At regular intervals, the team reflects on how to become more effective, then tunes and adjusts its behavior accordingly.
The impact of the Agile Manifesto and Agile principles on the software development practice and the technology industry as we know it is hard to overestimate. At the same time, the degree to which cybersecurity is going against the Agile Manifesto is uncanny:
Processes and tools are often valued over individuals and interactions. Many security teams still communicate with the rest of their organizations by issuing policies and directives.
Comprehensive compliance documentation is often valued more than working security measures (I have previously discussed this issue at length).
Formal requirements and contracts that check compliance boxes are often valued more than collaboration.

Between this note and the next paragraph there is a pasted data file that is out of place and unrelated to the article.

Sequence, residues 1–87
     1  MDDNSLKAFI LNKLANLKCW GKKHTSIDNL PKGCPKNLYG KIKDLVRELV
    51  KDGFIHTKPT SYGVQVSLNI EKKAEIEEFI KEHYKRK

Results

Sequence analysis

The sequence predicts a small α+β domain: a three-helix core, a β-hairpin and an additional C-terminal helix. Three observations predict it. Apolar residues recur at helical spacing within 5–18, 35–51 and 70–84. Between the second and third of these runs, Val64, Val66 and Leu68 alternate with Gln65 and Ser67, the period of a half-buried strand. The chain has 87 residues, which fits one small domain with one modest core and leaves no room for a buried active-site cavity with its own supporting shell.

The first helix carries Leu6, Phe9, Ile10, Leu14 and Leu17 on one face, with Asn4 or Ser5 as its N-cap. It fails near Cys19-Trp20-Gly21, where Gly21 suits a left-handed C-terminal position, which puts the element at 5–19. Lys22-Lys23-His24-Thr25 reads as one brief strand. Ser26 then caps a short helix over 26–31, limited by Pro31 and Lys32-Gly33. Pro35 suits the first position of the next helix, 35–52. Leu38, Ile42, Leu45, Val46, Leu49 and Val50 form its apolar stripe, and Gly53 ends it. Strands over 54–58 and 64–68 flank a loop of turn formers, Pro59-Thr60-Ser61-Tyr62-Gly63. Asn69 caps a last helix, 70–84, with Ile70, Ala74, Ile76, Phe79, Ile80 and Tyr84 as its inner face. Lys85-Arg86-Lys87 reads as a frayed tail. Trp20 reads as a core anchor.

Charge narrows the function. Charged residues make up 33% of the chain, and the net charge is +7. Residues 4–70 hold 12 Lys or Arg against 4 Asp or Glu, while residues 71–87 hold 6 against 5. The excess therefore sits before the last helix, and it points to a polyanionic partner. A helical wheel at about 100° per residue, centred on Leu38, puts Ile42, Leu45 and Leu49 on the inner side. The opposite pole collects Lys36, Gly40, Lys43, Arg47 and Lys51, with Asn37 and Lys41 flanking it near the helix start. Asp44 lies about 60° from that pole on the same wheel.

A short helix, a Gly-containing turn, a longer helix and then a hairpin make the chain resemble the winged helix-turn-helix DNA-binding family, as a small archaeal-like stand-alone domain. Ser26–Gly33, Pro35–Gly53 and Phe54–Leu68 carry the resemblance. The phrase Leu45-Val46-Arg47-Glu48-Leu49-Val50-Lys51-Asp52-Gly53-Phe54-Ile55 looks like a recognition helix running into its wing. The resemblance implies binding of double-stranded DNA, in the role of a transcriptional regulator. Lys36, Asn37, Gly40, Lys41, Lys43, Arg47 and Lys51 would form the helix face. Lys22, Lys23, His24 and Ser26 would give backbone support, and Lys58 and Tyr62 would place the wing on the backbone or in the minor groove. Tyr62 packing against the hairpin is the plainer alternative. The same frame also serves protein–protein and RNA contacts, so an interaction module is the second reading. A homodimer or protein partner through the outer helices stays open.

Following plans slows the ability to be nimble and adjust to ever-changing requirements.
I am not saying that every organization conflicts with these principles even if as an industry, we most certainly do. I am also not suggesting that these principles should be adopted as is for cybersecurity. But, security has a lot to learn from software engineering. The 12 Agile principles can be quite useful:
“Agile processes promote sustainable development. The sponsors, developers, and users should be able to maintain a constant pace indefinitely.” Similar to software development, we should be able to maintain a constant pace indefinitely. It is apparent that we can’t - security professionals are understaffed and overworked. We need to look for ways to solve this problem.
“Continuous attention to technical excellence and good design enhances agility.” As previously discussed, we should think about our needs holistically and look for ways to better understand the environments we are in charge of defending, so that we can craft appropriate protective measures.